Conflict Resolution:

  • For conflict resolution, each card has one of two Strengths (the higher strength wins in a conflict) depending on which color is Dominant (determined at the start of the player’s turn–see below)
  • The higher suit (based on dominant color) wins, with the face value (A beats K beats Q beats J) breaking ties
  • If black is dominant, Spades beats Hearts beats Clubs beats Diamonds (i.e. A♠>K♠>Q♠>J♠> A♥>K♥>Q♥>J♥> A♣>K♣>Q♣>J♣> A♦>K♦>Q♦>J♦)
  • If red is dominant, Hearts beats Spades beats Diamonds beats Clubs (i.e. A♥>K♥>Q♥>J♥> A♠>K♠>Q♠>J♠> A♦>K♦>Q♦>J♦> A♣>K♣>Q♣>J♣)
  • I will have a chart on the character sheet giving each card a value from 1-16 for Black and Red for quick comparison (I will also make Avery labels that can be printed and stuck on the cards to make it easier)

Oracle meanings:

Each suit has a general meaning (thematic; challenge type):

  • Spades (♠): Power; physical obstacle
  • Hearts (♥): Intimacy; emotional obstacle
  • Clubs (♣): Violence; physical threat
  • Diamonds (♦): Silence; emotional threat

Each face has a general meaning (Noun; method): 

  • Ace (A): Place, object, or goal; pursue desire obsessively)
  • King (K): Man; use hierarchy or personal power)
  • Queen (Q): Woman; use relationships or debt)
  • Jack (J): Child; reveal vulnerability and openness)

Finally, each of the 16 cards has it’s own unique meanings (mixture of suit and face, plus imagery evocative of the setting:

  • They’ll also be printed on the character sheet and on Avery labels (along with the Red and Black Strengths, see above)
  • Potentially I’d create a deck with artwork and the like, but certainly not for the rough draft stage of game Chef (it would get me the POD medal…)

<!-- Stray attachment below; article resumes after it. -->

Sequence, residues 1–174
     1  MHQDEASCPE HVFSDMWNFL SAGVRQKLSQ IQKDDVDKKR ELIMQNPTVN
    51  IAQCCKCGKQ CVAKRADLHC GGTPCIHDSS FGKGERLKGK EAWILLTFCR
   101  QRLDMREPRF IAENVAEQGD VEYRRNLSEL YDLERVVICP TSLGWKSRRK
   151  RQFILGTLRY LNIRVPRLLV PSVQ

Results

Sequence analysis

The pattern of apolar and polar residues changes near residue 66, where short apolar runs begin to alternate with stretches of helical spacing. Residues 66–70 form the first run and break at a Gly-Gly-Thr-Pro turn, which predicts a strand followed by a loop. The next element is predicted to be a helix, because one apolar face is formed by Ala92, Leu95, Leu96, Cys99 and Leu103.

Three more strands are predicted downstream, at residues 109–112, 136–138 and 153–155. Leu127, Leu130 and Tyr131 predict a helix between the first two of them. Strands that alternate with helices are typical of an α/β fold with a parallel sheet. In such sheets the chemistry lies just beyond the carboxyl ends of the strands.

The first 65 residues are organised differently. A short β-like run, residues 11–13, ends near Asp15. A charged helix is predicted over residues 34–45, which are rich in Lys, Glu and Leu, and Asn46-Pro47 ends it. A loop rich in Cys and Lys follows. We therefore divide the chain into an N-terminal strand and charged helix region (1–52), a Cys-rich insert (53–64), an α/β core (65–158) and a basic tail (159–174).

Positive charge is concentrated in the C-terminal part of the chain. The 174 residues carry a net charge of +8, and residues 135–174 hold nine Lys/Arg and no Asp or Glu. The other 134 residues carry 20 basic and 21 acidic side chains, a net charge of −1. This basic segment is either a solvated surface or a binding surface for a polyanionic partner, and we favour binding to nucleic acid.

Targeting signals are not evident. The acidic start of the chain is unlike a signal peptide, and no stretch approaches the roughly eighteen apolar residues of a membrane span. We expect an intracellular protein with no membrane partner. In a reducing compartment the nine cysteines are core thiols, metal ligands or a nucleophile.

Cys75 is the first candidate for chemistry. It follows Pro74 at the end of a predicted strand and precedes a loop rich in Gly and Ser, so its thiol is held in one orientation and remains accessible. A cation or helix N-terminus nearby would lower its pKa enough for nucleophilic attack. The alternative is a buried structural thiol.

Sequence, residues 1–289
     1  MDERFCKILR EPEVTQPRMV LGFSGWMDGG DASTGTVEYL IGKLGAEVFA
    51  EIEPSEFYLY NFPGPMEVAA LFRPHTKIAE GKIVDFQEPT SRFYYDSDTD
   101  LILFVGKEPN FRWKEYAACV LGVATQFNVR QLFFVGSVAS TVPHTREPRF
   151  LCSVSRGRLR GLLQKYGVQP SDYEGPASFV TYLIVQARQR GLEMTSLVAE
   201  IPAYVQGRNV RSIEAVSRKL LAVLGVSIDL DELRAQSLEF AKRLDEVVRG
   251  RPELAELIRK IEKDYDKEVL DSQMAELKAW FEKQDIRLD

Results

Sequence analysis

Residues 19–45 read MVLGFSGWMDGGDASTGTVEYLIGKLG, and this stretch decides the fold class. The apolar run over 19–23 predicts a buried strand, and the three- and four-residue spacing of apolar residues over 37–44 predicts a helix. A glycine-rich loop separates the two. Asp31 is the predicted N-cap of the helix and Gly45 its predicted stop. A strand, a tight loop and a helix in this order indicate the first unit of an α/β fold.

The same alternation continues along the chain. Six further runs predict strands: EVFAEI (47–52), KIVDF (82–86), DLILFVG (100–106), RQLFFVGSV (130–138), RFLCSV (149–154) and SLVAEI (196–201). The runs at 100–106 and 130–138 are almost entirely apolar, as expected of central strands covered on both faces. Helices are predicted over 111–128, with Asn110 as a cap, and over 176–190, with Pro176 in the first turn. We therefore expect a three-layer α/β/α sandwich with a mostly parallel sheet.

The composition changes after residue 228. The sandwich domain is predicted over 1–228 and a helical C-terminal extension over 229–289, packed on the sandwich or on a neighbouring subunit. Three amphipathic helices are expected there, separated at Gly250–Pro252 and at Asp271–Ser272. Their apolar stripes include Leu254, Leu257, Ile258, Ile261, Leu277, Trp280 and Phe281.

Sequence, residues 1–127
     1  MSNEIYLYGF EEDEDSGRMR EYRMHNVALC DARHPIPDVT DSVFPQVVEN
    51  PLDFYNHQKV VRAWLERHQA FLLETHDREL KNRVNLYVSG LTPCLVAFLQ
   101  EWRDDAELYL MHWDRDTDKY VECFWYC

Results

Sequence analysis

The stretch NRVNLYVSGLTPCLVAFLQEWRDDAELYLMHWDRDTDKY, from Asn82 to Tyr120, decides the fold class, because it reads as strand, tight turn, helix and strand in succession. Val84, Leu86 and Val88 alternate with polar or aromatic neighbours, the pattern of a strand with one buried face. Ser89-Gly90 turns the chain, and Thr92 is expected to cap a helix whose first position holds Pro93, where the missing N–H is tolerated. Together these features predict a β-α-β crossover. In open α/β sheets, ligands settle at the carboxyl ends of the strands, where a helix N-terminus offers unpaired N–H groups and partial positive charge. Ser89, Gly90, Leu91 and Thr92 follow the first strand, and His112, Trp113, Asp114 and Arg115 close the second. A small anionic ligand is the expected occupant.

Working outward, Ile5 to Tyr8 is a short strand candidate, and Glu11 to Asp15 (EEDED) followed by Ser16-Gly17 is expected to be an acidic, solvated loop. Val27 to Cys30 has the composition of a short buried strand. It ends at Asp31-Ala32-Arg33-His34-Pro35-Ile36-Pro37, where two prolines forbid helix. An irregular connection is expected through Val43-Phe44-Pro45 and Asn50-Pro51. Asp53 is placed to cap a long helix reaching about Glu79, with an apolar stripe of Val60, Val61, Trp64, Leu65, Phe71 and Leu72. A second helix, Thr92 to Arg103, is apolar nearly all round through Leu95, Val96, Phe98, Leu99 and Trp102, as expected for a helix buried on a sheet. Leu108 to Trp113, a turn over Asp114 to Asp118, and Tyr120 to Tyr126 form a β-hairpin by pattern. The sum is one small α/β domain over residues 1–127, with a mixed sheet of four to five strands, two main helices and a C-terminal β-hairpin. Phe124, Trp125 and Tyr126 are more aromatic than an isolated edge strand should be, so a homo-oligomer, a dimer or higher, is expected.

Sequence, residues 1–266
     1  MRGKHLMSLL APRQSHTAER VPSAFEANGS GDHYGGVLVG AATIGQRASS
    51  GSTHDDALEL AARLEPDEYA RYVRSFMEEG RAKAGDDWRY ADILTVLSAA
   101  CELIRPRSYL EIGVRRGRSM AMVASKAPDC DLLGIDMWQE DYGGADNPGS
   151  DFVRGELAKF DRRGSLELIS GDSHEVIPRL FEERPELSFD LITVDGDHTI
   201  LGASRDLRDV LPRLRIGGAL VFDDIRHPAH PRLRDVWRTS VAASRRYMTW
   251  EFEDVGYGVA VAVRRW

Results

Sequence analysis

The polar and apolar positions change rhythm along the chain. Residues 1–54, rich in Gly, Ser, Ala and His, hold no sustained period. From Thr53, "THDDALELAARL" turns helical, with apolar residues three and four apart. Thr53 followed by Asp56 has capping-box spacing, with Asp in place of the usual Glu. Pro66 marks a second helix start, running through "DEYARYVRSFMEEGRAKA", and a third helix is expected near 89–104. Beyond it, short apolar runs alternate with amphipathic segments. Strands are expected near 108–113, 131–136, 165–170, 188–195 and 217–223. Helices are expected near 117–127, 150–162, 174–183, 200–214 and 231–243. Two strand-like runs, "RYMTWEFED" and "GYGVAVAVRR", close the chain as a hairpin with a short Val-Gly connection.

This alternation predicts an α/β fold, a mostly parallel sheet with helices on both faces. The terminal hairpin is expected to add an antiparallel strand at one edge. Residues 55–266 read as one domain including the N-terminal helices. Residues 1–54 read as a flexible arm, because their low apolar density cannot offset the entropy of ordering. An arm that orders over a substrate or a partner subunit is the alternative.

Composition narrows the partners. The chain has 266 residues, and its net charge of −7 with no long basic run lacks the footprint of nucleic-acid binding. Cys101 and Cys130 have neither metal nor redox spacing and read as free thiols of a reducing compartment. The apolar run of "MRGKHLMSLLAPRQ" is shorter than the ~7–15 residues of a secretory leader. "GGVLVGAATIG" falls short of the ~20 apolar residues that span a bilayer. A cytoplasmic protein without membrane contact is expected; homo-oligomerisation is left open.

I have pages of notes and thoughts on the specific cards, but I’ll have to post them later (it isn’t critical to understand the rules and also it’s still pretty rough)

The Phases:

There are three Phases, always in the same order:

  1. The Sea: As the characters awaken, the Seas of the Dead try to keep them from remembering their Humanity and to keep them from escaping; Challenges include things like violent storms, rocky reefs, sea monsters, alluring sirens, etc.; Help comes from the Seabirds, who show the way and spur the characters to remember, no matter how painful
  2. The Star: After regaining much of their memory, humanity (and grievances), the characters remember the reason for their journey (though not yet the results or what is in the mysterious, locked cargo hold), but the divisions and conflicts between the characters intensify; Challenges in the Star phase include the need to work together to overcome a challenge while old feuds and wounds resurface with increasing power–generally played out a bit like a soap opera–also the desire to get home and the urge to discover what their cargo is intensify (though they can’t succeed at discovering the cargo until the next phase); Help comes from the dreadful zombie crew of the ship, who begin noticing and interacting with the players for the first time–their disposition depends on the overall scores of the Ship
  3. The Gates – The ship reaches the Gates to the Seas of the Living and the chance to escape death and take their cargo to queen and home is tantalizingly close, but the discovery of the nature of the cargo along with full memory of what they had to do to get it will likely be painful at best, and the nature of the zombie crew is at last revealed–they wish to have the characters join them to sail the ship through a damned eternity; Challenges in the Gates phase come from the zombie crew who do everything in their power to push the characters to become bound by fear, hate, anger, and regret so that they can’t escape, and the cargo hold can finally be opened (bringing with it memories of the end of their journey that cursed them and brought them to the Seas of the Dead) and that discovery will be tainted by the total ship scores–finally, along with the nature of the cargo, the End-Game is played out and the final fate of the ship and individual characters is played out; There is no help in this Phase–their damnation or redemption is being played out

Playing the Phases: